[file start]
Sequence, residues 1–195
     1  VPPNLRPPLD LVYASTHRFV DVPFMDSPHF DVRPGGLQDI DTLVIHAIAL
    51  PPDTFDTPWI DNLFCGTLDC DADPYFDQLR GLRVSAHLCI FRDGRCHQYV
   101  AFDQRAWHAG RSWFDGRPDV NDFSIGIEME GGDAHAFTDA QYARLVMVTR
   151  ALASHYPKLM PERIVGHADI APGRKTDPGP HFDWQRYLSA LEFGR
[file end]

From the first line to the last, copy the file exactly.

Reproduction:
Sequence, residues 1–195
     1  VPPNLRPPLD LVYASTHRFV DVPFMDSPHF DVRPGGLQDI DTLVIHAIAL
    51  PPDTFDTPWI DNLFCGTLDC DADPYFDQLR GLRVSAHLCI FRDGRCHQYV
   101  AFDQRAWHAG RSWFDGRPDV NDFSIGIEME GGDAHAFTDA QYARLVMVTR
   151  ALASHYPKLM PERIVGHADI APGRKTDPGP HFDWQRYLSA LEFGR